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The Jump!

Lead investigator Dr Simon Choppin
Funded by TwoFour Productions
Dates Feb/March 2015/2016/2017

In February 2017 CSER travelled to Austria for the third year in a row. We have been providing measuring services for The Jump! A Channel 4 reality show in which celebrities and sports stars compete in a series of Winter sports events.

In 2015 we helped TwoFour (the production behind the show) to measure the height of jumpers launching themselves from a formidable snow ‘kicker’ (more details on our blog).

In 2016 our remit expanded to include measurement in a traditional ‘ski jump’ event.

For the purposes of judging the following requirements were made

  • Reliability – we had to provide a high confidence in jump measurement (< 1% variability)
  • Speed – the jump measurement had to be delivered within 30 seconds of the competitor landing.
  • Adaptability – different events needed to be judged at different times, a flexible measurement system was needed.

To measure a jump we used two high speed cameras attached to lighting towers. They were positioned to observe the landing area of the event. Two cameras were used to ensure that we had a fail-safe system and it also increased the reliability of our measurements. In practice either rater was within around 5 cm.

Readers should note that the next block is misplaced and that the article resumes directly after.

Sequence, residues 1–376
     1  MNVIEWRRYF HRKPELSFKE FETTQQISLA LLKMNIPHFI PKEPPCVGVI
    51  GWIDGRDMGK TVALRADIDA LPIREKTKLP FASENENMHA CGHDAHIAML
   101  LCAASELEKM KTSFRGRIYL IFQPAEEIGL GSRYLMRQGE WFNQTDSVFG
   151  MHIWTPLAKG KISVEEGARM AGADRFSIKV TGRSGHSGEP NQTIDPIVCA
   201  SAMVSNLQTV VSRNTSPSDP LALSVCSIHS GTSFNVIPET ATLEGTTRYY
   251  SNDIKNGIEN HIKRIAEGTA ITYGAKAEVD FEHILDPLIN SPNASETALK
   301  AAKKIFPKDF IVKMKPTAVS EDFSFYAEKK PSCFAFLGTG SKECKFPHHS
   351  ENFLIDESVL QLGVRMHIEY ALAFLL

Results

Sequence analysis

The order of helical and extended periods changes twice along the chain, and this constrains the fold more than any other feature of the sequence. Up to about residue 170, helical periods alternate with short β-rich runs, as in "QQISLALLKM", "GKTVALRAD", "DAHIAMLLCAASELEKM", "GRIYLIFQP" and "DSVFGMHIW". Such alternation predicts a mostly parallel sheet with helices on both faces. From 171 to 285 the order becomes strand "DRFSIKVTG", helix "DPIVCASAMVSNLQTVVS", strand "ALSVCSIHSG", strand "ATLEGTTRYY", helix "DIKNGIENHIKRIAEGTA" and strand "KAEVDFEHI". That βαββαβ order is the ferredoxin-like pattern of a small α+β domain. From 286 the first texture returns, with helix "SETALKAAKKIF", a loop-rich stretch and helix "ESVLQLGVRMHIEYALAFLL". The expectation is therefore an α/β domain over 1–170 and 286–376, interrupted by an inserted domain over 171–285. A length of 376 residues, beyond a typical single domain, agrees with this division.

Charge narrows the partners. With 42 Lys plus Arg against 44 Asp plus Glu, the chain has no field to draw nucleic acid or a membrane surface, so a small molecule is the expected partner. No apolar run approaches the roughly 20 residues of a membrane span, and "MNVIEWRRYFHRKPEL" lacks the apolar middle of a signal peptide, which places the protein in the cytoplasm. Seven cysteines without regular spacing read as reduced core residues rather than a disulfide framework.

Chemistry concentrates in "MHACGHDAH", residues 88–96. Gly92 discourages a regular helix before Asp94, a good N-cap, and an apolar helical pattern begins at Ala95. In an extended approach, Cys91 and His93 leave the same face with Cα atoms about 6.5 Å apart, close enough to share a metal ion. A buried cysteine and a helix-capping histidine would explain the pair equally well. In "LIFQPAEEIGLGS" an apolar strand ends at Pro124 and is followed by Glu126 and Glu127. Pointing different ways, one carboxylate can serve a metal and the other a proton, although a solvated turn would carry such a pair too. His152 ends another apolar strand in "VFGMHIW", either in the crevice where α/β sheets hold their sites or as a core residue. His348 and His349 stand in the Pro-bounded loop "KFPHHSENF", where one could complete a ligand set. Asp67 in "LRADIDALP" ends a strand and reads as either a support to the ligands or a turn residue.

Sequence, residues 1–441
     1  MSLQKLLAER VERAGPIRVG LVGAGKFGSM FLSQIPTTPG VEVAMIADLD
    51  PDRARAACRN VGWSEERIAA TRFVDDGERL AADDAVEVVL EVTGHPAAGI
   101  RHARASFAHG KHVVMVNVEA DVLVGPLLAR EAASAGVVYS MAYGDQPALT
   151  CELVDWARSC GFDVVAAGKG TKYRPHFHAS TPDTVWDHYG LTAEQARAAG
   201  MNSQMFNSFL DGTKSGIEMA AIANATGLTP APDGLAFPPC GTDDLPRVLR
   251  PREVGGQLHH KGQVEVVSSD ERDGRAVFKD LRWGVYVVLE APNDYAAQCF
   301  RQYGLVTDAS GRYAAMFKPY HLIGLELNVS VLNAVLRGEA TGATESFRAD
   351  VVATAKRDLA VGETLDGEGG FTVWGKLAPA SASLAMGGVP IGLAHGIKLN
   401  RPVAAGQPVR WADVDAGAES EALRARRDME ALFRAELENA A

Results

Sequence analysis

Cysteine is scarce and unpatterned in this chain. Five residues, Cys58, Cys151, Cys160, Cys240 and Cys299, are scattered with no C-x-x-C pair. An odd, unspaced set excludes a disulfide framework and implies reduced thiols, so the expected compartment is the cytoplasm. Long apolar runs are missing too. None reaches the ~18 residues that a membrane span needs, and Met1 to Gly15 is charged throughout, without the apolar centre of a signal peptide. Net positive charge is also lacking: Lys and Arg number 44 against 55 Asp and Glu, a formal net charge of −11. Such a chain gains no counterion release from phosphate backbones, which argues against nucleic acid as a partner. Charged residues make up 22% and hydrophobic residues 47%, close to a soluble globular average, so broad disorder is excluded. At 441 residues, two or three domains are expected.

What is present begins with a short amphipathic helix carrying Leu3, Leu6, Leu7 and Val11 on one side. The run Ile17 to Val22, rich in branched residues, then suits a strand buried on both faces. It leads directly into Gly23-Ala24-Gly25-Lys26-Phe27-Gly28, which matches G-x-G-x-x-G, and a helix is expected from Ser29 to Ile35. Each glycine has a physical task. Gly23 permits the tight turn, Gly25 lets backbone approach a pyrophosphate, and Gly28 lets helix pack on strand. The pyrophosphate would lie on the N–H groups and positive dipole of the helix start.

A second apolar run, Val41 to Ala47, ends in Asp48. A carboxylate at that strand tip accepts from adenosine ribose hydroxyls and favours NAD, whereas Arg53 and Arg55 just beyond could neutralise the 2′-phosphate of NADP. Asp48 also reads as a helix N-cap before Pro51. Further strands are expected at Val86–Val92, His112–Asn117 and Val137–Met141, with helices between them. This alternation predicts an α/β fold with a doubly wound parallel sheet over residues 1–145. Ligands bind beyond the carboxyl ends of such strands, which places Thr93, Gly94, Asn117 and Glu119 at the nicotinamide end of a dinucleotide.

Measuring the ski-jump introduced complexity, because the measurement area wasn’t perpendicular to the camera a DLT transform was used. To survey the jump’s landing we created a number of ‘control points’ which were at known distances from the take-off ramp. We located these control points in our camera images and used their positions to create the calibration.

Each jump was measured at the instant that the competitor made full contact with the slope (both skis) and the measurement was taken from the back of the rearmost boot. The pixel co-ordinates were processed using a bespoke software program which was designed for speed and efficiency.

The 2017 show was a great success which saw a new record for jump length of just under 19 metres.

The composite image shows the landing position of each of the finalists. The DLT calibration has been used to map metre marks across the landing slope.

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